autumn chill

by on Dec 8, 2017

 


Debbie Strange is a Canadian short form poet, haiga artist and photographer whose creative passions bring her closer to the world and to herself. She is the author of Warp and Weft: Tanka Threads (Keibooks 2015) and the haiku collection, A Year Unfolding (Folded Word 2017). Please visit her archive of published work at debbiemstrange.blogspot.ca.

In Darwin’s Dream

by , on Dec 7, 2017

(Watch Eduardo Yagüe & Matt Mullins’ video & view full credits for “In Darwin’s Dream” on Vimeo)

 


Eduardo Yagüe studied at the Drama Art in Gijón (Spain) he, then he moved to Madrid, where he studied in the Corazza Studio for Actors and Hispanic Philology at UNED. He worked as an actor, theater teacher and many other jobs. He also wrote poetry and stories. In 2012 started to make videopoetry. He is interested in exploring and mixing the limits of poetic and cinematographic languages. He loves working with the actors in his videos, using them as a vehicle to talk about strong and deep emotions. His works and collaborations with poets and other video artists have been screened in videopoetry and videoart shows and festivals in Europe and America. Website: eduardoyague.com

Matt Mullins writes and makes videopoems, music, and digital/interactive literature. His work has screened at various festivals in the United States and throughout the world including Visible Verse, Zebra, Videobardo, Liberated Words, Rabbit Heart, and Co-Kisser. He has published poetry and fiction in numerous print and online journals, and is the author of the short story collection Three Ways of the Saw (Atticus Books). You can engage his interactive/digital literary interfaces at lit-digital.com.

Halfway to What’s Next

by on Dec 5, 2017

 


W. Jack Savage is a retired broadcaster and educator. He is the author of seven books including Imagination: The Art of W. Jack Savage (wjacksavage.com).  To date, more than fifty of Jack’s short stories and over nine-hundred of his paintings and drawings have been published worldwide. Jack and his wife Kathy live in Monrovia, California.

In Twos

by on Nov 30, 2017

Her glasses are on the night table. Propped up on two cushions, she is asleep, her mouth half-open, a bubble of saliva shifting on her lip with every breath. The ceiling fan purrs. A quiet room, otherwise. Tiptoeing near her bed I see a tiny fly approach her face. As if sensing it, she raises her arm, brushing against her forehead. I stop breathing. But she continues in her sleep, as if she is on a journey and this moment that just passed was but a momentary stop, a blip, a slight distraction.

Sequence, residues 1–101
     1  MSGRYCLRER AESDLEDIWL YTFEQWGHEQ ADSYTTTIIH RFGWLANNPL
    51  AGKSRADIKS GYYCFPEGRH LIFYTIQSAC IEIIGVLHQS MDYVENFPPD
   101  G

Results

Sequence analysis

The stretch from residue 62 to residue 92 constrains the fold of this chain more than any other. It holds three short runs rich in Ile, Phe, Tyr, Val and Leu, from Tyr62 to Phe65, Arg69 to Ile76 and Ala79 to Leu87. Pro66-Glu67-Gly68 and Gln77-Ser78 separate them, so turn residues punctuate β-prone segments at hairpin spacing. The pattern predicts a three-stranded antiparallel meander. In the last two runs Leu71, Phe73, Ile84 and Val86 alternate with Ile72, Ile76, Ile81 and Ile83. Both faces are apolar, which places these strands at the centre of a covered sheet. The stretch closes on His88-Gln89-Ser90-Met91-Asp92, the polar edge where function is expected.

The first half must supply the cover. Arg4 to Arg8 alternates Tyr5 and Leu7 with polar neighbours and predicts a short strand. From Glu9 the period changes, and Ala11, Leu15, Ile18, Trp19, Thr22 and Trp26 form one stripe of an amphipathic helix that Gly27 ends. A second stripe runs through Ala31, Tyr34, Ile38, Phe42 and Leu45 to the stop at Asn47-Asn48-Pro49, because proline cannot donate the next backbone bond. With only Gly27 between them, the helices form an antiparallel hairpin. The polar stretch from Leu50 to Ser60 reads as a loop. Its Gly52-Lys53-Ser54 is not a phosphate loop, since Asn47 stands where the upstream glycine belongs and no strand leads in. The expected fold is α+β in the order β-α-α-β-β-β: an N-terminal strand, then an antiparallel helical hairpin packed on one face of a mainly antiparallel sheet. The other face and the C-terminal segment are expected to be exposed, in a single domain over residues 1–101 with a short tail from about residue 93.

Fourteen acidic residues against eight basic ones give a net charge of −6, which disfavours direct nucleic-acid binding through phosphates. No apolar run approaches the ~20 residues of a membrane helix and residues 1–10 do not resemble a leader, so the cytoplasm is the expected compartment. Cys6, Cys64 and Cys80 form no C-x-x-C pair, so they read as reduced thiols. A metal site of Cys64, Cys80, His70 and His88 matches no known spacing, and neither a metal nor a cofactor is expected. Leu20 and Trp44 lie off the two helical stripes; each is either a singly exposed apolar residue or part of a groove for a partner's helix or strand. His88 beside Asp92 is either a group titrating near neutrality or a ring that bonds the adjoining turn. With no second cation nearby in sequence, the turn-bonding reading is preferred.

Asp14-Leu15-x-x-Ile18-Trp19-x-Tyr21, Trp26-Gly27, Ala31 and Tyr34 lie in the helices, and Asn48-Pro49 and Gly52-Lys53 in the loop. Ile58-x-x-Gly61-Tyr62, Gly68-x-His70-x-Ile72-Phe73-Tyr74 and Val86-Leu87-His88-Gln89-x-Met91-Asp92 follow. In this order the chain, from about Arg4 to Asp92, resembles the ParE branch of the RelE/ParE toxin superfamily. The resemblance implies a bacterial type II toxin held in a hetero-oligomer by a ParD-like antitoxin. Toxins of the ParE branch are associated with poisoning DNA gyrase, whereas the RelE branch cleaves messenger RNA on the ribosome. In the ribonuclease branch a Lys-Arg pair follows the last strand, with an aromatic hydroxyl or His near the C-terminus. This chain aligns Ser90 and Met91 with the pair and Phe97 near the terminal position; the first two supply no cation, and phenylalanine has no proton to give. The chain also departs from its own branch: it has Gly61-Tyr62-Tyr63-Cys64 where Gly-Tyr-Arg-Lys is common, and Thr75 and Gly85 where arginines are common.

no one
in the mirror
night of ghosts

 


Stella Pierides is a poet and writer. Her books include: Of This World: 48 Haibun (Red Moon Press, 2017) and Feeding the Doves: 31 Short and Very Short Stories (Fruit Dove Press, 2013). Her haiku and micropoetry collection In the Garden of Absence (Fruit Dove Press, 2012) received a Haiku Society of America Merit Book Award. Currently she manages the Per Diem: Daily Haiku feature for The Haiku Foundation. Find her online at stellapierides.com.

2017 Pushcart Nominations

by on

Here are Gnarled Oak’s six Pushcart nominees for 2017 in order of appearance. I hope you’ll go back and reread them:

Natural Outlaws by Melissa Fu (from Issue 11)

The Past Is Not Where I Left It by Stephanie Hutton (from Issue 11)

In the Feet of a Refugee by Frank Eze (from Issue 11)

The Stars Are All Dead and Have Fallen by Barbara Young (from Issue 12)

Refuge by Steve Klepetar (from Issue 12)

sky poem by Tara Roeder (from Issue 13)

Congratulations to these authors and my sincerest thanks to them and everyone who allows me the honor of publishing their work at Gnarled Oak.

How the Grateful Dead Got Their Name

by on Nov 28, 2017

Don’t believe this story. It is fake news.
Jerry Garcia did not return from the land of the dead
with three pennies in his hand,
touched by those subtle fingers, rubbed smooth.
I didn’t free him from his coffin on the sea.
When he came to me, dressed in white,
paler than before, we didn’t walk along
the high road, we didn’t stop and go inside a church.
No princess, no dragon, no heads on spikes.
None of that happened. We sat down to drink coffee
in a Starbuck’s near my house,
though I would have preferred the Local Blend.
“The wi-fi’s better here,” he said, and anyway, he was buying.
He told me that it sucked being dead – the food is dry
and there’s no drugs – but at least he didn’t have to live
in America under Trump. Remember, this is fake news
made up by that failing poet, Steve Klepetar. Sick guy. Sad.

 


Steve Klepetar lives in Saint Cloud, Minnesota. His work has received several nominations for Best of the Net and the Pushcart Prize, including four in 2016. Recent collections include Family Reunion (Big Table), A Landscape in Hell (Flutter Press), and How Fascism Comes to America (Locofo Chaps).